Start layering the paper, your secret weapon. Here are some points to remember when laying the paper:

  • The thicker you layer the paper, the more weed-blocking it will do- I like to use 6 to 10 layers.
  • Don’t use shiny, colored ads- just regular newsprint (which may have color, too- that is OK, just not the shiny paper)
  • Overlap the edges of the papers a good inch or two- the idea is to not give an opening for the weeds!
  • If there is wind, keep a hose nearby and spray the papers as you lay them to keep them stable before adding the mulch.
  • If the ground is dry (like, you didn’t get to it and it’s already July…), water well first, and then spray the paper as well. The mulch will help hold in the moisture for that time of year.
  • If you use soaker hoses, lay the paper under them.

Organic Weed Control Border Before and After - An Oregon Cottage

Step 5

Lastly, cover all the paper with mulch. The more you use, the better it will suppress weeds – a 2-inch layer is minimum.

Then sit back and enjoy how clean and tidy your bed looks – and will continue to look for months!

Note: You might be thinking, “What if I want to plant something later in the season?” Simply push aside the mulch where you want to plant, use a trowel to cut into the paper and bend it back (like a book cover), make a hole and place the plant in it. Tamp it down and replace the paper, tearing as needed to fit around the new plant and recover with the mulch. No problem.

This method can be used around trees, too, instead of buying expensive “tree rings” or using plastic edging (than invariably gets nicked with the mower…). Simply lay a LOT of layers of paper (10-15 layers) right over the mown grass in a loose circle, tucking the sharp corners in on the outside as needed. Cover with mulch, but don’t mound it up to the trunk. The tree pictured above was done last year, and you can see how it stayed grass-free all year. It needs another layer this spring to see it through the next year. Of course, you can give it a nice, cut edge if that’s something you like…I guess you can see which camp we fall in.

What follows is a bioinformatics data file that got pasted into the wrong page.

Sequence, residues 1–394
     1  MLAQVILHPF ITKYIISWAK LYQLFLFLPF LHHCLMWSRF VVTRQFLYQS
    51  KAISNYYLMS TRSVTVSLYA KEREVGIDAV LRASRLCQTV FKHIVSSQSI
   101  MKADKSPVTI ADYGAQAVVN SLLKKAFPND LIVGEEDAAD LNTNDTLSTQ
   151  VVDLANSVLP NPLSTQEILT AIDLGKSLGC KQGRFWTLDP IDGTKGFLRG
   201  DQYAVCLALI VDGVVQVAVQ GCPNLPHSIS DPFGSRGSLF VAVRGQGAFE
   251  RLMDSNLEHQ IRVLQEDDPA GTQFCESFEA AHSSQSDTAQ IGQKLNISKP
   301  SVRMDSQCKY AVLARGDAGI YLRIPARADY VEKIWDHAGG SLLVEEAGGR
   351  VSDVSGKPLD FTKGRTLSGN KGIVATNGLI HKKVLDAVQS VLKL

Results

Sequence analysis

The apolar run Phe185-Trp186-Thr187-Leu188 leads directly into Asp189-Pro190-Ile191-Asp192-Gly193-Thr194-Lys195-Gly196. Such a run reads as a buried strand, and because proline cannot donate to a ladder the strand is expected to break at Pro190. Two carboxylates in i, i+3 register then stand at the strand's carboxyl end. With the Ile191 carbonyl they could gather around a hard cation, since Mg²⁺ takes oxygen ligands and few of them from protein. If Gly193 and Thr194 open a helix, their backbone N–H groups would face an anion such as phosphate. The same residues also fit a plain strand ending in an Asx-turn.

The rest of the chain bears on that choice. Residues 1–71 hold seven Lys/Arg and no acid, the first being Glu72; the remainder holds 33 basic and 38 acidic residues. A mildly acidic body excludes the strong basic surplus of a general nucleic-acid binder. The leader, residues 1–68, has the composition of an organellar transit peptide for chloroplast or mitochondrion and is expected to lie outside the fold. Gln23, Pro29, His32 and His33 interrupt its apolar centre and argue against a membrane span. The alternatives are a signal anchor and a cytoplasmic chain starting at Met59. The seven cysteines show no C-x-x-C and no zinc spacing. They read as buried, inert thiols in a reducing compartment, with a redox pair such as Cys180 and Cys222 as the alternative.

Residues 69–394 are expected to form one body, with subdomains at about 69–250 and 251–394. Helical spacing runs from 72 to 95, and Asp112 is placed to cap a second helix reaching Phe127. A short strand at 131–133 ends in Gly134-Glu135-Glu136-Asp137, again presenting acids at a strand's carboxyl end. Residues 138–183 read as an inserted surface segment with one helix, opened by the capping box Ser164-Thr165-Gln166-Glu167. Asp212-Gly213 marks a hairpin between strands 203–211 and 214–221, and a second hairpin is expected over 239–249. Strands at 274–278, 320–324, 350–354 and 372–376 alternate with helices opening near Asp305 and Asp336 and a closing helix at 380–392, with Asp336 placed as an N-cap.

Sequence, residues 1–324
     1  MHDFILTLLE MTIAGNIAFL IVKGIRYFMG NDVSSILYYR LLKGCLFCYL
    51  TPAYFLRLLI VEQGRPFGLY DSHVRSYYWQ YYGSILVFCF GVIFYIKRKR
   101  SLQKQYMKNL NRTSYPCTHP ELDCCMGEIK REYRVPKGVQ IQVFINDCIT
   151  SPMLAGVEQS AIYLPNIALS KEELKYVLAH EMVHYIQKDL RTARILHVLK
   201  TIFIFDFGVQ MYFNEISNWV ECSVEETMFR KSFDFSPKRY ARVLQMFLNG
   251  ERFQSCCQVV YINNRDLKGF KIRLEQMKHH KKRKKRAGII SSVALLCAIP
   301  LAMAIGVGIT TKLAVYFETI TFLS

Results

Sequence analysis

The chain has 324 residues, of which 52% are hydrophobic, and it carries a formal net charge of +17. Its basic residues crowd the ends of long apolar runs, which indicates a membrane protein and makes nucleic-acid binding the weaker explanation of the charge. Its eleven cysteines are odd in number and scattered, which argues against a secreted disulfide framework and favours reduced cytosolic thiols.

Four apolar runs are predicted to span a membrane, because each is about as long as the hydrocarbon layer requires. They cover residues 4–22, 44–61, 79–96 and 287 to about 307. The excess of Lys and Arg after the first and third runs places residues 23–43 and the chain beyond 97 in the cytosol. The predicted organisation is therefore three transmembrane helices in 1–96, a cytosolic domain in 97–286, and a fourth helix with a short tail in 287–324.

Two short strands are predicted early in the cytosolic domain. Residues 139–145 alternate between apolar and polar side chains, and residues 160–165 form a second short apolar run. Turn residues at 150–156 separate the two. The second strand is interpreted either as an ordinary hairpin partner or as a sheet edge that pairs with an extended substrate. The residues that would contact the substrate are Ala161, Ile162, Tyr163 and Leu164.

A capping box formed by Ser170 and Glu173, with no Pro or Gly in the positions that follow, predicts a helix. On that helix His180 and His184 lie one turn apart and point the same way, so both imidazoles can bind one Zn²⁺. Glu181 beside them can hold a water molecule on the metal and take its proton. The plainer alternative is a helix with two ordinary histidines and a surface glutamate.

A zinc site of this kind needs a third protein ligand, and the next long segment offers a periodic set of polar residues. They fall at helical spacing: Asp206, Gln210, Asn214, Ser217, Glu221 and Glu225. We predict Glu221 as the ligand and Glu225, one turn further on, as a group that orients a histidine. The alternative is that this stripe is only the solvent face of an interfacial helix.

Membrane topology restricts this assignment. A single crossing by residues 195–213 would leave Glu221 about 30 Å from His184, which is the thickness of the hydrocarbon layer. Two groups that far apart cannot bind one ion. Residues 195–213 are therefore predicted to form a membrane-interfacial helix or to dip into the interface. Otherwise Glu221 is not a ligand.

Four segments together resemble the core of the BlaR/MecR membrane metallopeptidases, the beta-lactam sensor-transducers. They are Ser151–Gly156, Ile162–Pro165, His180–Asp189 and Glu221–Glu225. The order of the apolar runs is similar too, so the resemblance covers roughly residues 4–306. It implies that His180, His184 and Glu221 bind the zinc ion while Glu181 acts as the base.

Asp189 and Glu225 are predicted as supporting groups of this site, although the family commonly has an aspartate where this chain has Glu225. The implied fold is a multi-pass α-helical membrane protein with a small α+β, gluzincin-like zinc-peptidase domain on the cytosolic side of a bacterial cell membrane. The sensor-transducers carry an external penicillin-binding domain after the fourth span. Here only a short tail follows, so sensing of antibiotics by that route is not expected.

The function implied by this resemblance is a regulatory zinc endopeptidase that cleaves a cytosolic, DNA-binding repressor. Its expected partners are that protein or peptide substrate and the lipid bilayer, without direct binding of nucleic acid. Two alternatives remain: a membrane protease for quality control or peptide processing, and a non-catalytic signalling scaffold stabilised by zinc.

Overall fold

Not ready to tackle your yard yet? Check out these other spaces that are getting spruced up during this series!

Sprucing Up the Laundry Room | Mama’s Laundry Talk
Sprucing Up the School Room | Homegrown Mom
Sprucing Up the Craft Room | Many Little Blessings
Sprucing Up the Bathroom | Feels Like Home
Sprucing Up the Playroom | …Life’s About a Dream
Sprucing Up the Garage/Storage Space | A Slob Comes Clean
Sprucing Up the Master Bedroom | Raising Arrows
Sprucing Up Your Homeschool | Jimmie’s Collage
Sprucing Up the Kitchen | So Happy Together
Sprucing Up the Backyard | Successful Homeschooling



  1. says

    Smothering weeds with newspaper or cardboard and mulch is so satisfactory. If anyone could overhear the profanity-laced conversations I have with weeds, they would probably want to commit me.

  2. says

    Wow thank you so much for the tutorial.I am in the middle of getting my harbacous borders in shape, and was not lookingh forward to buying loads of plastic anti- weed sheets, this seems so much less expensive and more environmental friendly.

  3. Jami @An Oregon Cottage says

    Oh, Dee, I’m sorry to tell you that not much works against raspberries- those babies come up even in our graveled areas. You probably have to keep up digging and covering to try to keep them under control, but they’ll pop through most anything. I’ve been known to lay old plywood pieces in areas where I didn’t want anything to grow for awhile to try and combat the nasties (usually wild blackberries around here). :-)